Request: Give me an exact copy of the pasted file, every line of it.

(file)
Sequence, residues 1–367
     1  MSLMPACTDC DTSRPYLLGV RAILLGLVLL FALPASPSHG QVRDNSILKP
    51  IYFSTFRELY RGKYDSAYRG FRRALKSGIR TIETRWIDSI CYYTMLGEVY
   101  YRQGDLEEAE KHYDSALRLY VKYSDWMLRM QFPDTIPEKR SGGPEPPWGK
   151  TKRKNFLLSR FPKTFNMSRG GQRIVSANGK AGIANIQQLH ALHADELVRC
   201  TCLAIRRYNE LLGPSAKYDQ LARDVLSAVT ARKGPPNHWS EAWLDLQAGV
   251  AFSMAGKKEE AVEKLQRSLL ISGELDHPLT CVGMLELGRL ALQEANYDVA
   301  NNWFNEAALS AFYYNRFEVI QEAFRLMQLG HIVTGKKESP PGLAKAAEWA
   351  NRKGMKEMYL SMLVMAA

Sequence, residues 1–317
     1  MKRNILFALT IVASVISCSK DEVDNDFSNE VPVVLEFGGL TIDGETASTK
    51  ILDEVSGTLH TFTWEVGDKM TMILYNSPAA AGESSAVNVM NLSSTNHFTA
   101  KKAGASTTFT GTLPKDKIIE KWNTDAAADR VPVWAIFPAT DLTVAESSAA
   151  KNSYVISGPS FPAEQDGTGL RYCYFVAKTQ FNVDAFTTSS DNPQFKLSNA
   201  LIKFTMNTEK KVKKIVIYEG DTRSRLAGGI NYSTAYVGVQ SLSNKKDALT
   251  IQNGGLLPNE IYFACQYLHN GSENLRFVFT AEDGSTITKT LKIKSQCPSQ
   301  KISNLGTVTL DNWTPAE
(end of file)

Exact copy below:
Sequence, residues 1–367
     1  MSLMPACTDC DTSRPYLLGV RAILLGLVLL FALPASPSHG QVRDNSILKP
    51  IYFSTFRELY RGKYDSAYRG FRRALKSGIR TIETRWIDSI CYYTMLGEVY
   101  YRQGDLEEAE KHYDSALRLY VKYSDWMLRM QFPDTIPEKR SGGPEPPWGK
   151  TKRKNFLLSR FPKTFNMSRG GQRIVSANGK AGIANIQQLH ALHADELVRC
   201  TCLAIRRYNE LLGPSAKYDQ LARDVLSAVT ARKGPPNHWS EAWLDLQAGV
   251  AFSMAGKKEE AVEKLQRSLL ISGELDHPLT CVGMLELGRL ALQEANYDVA
   301  NNWFNEAALS AFYYNRFEVI QEAFRLMQLG HIVTGKKESP PGLAKAAEWA
   351  NRKGMKEMYL SMLVMAA

Sequence, residues 1–317
     1  MKRNILFALT IVASVISCSK DEVDNDFSNE VPVVLEFGGL TIDGETASTK
    51  ILDEVSGTLH TFTWEVGDKM TMILYNSPAA AGESSAVNVM NLSSTNHFTA
   101  KKAGASTTFT GTLPKDKIIE KWNTDAAADR VPVWAIFPAT DLTVAESSAA
   151  KNSYVISGPS FPAEQDGTGL RYCYFVAKTQ FNVDAFTTSS DNPQFKLSNA
   201  LIKFTMNTEK KVKKIVIYEG DTRSRLAGGI NYSTAYVGVQ SLSNKKDALT
   251  IQNGGLLPNE IYFACQYLHN GSENLRFVFT AEDGSTITKT LKIKSQCPSQ
   301  KISNLGTVTL DNWTPAE